FORT SILL, Okla.--A change in geographic divisions within the Cadet Command has brought together a whole new mix of universities for the big field training exercise that the Cameron University ROTC program hosts each spring on Fort Sill.

In the past, CU, located near Fort Sill in Lawton, Okla., was in a division with Texas, but the map has been redrawn, according to Maj. Rod Boles, chairman of Cameron's military science department. A total of 132 ROTC cadets from the University of Central Oklahoma, the University of Oklahoma, Oklahoma State University, the University of Arkansas at Fayetteville, its satellite at Northeastern Oklahoma State University, Tahlequah, and Cameron University are going through the spring FTX at Fort Sill, according to Master Sgt. Troy Franzen, head planner for the FTX and senior military science instructor at Cameron.

Franzen said he has been working on the spring FTX for about a month. The leadership STX (situational training exercise) lanes are geared toward the type of training cadets between their junior and senior years will receive when they attend the 28-day Leadership Development Assessment Course (LDAC) at Fort Lewis, Wash., this summer. CU established the lanes on the ground at Camp Eagle, but the other universities were tasked with setting up one or two lanes each and bringing their own opposing force (OPFOR).

"This has truly been a team effort on behalf of all the schools," Franzen said. Franzen said the FTX is the culmination of the year's training for the juniors, and the seniors who have already been through LDAC actually run it. The six lanes test the juniors on the following: movement to contact, react to ambush, area reconnaissance, deliberate attack, point ambush, knock out a bunker and attack. The squads get 120 minutes per lane in which to receive an operations order from the lane walker, develop and execute a plan, and go through an after-action review.

Cadets started moving in April 7 and were broken down into platoons of approximately 30 to 35 cadets each April 8. The cadets started their squad integration and set up four patrol bases around Camp Eagle on April 8. One-half of the cadets rotated through six situational training exercises at Camp Eagle on Friday while the other half went on daytime and nighttime land navigation exercises and went through a team development course. They reversed roles, and on Sunday the entire group will go on a 10-kilometer road march.

Two ROTC cadets from Lawton were in a nine-member squad that sprung a successful ambush on April 9. The squad leader on this lane was Matthew Penick, a 2004 graduate of MacArthur High School and a second-generation Cameron University ROTC cadet. His father, Bret Penick, graduated from Cameron ROTC in 1980 and now works for Stanley, a corporation that builds weapons systems for the military.

"The mission was really a 100 percent success. We had no casualties, killed two enemy and that was it," Penick said. He summed up his actions thus: "I was handed an operations order from my tactical officer. I went immediately and gave a warning order to my team leaders. From there, I went and made my plan and converted the platoon op order into a squad op order. I pulled the squad in, briefed them on the mission, showed them on a sand table 'This is exactly what we're going to do' and then we had about 30 minutes of rehearsals. And then we moved on to the objective.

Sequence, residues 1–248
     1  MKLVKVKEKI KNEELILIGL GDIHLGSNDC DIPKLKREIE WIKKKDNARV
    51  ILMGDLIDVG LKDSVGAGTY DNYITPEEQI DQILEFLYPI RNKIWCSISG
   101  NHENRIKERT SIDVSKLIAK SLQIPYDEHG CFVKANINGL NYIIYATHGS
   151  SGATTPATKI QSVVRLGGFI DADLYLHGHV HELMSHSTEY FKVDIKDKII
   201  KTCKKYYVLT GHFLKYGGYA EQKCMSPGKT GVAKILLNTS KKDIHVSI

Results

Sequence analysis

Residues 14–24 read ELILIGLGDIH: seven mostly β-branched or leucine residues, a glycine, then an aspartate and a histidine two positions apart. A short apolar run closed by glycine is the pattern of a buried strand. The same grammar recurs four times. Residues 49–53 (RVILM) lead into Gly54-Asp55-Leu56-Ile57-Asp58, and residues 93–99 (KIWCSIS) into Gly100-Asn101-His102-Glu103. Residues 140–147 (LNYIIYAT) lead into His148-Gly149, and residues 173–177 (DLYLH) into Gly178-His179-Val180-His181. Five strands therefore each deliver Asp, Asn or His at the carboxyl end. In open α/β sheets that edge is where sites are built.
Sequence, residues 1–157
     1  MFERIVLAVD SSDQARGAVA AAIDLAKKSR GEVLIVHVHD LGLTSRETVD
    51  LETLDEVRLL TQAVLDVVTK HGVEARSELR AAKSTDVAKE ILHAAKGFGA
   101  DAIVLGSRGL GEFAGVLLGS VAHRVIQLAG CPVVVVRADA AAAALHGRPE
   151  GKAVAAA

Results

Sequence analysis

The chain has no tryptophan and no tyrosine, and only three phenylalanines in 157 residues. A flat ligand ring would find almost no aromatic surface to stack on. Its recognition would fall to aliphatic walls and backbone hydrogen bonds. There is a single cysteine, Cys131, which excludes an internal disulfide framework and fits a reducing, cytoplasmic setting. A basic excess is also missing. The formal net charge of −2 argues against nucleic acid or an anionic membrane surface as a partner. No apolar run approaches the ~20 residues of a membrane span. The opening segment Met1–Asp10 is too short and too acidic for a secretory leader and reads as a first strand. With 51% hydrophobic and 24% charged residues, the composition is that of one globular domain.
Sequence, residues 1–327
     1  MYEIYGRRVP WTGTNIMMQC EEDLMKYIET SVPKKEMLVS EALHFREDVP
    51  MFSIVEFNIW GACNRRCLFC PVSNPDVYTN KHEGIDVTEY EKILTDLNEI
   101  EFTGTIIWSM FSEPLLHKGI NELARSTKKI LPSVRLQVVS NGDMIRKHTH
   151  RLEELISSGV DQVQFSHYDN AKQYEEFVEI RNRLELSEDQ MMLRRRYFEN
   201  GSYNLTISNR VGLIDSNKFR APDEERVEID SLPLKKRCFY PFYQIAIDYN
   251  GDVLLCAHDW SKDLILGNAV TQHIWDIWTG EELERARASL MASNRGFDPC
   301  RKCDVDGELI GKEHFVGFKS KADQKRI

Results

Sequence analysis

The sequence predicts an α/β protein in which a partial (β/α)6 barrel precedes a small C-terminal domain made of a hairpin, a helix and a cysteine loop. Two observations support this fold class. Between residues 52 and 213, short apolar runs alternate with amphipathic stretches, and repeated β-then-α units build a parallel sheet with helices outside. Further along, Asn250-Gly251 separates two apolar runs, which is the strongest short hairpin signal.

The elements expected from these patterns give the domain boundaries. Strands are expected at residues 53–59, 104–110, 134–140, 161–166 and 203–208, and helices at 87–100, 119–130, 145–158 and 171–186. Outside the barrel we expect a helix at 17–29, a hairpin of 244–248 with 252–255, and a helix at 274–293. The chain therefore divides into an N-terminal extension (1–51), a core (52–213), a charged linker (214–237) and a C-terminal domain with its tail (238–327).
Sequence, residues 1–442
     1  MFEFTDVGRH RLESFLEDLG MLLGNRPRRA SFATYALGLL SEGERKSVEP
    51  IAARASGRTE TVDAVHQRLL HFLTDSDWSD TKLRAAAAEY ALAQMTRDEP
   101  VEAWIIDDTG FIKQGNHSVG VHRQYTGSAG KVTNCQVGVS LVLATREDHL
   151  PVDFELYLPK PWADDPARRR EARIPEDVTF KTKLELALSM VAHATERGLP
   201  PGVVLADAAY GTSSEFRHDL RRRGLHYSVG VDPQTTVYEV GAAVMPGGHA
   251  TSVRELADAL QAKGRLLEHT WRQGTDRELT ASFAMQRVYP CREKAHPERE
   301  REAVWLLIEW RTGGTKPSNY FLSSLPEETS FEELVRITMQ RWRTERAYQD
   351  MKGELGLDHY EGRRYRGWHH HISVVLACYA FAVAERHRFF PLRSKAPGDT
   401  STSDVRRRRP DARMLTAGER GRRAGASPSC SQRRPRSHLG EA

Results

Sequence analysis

"We sat in ambush and waited until the enemy came. We initiated the ambush. We assaulted through. We got security afterwards, 360(-degree) security. We had our special teams go through and take the weapons and intelligence off of the killed enemy combatants. We dragged them off the road and that was the mission." He scouted out the ambush site himself. "I picked a point where the whole squad could remain concealed, half-cover and concealment. That's the No. 1 thing whenever you have an ambush, so you have the element of surprise as well as a large kill zone," Penick said.

Cameron University Cadet Justin Walley, a 2007 graduate of MacArthur High School, served as Penick's radio/telephone operator and right-hand man on the lane. His job was to collect basic information for Penick, write down things and get reports together. Walley said he thought they did manage to surprise the OPFOR. "They saw us just before we started shooting, so I think that's a pretty good surprise," he said. They even finished early. "We had a little time where we could sit and start eating our MREs (Meals, Ready to Eat) and drink water. That's what we're doing now. We're enjoying that time together," Walley said. On the next lane, it would be Walley's turn to serve as squad leader and come up with a successful plan. Other cadets were elsewhere on post. The day land navigation course is on Training Areas 21 and 30 near Lake Elmer Thomas Recreation Area, Franzen said. Cadets will have to find at least five of eight points using nothing more than a map, a protractor and a pencil. "Truly testing their skills," he said. "We give them their grids and a little bit of time to do their plotting." The cadets have to locate at least three of five points on the night land navigation course on Training Areas 43 and 56 by Rabbit Hall. That exercise wraps up around midnight. "We are asked to host this due to our proximity to Fort Sill," Boles said of the mammoth undertaking.

The deputy commanding general of Cadet Command informed Boles and Franzen at an April 2 briefing that of the 278 universities in the command nationwide, Cameron is in the closest proximity to a military installation.

"That's one thing that we're blessed with, is we have great training facilities . ... On Fridays we have leadership lab for our cadets, and we do a lot of our training here on Fort Sill. So we have a great rapport. It's a great partnership, Cameron University with Fort Sill, with real teamwork and cooperation, not only in the JFTX but year-round," Boles said.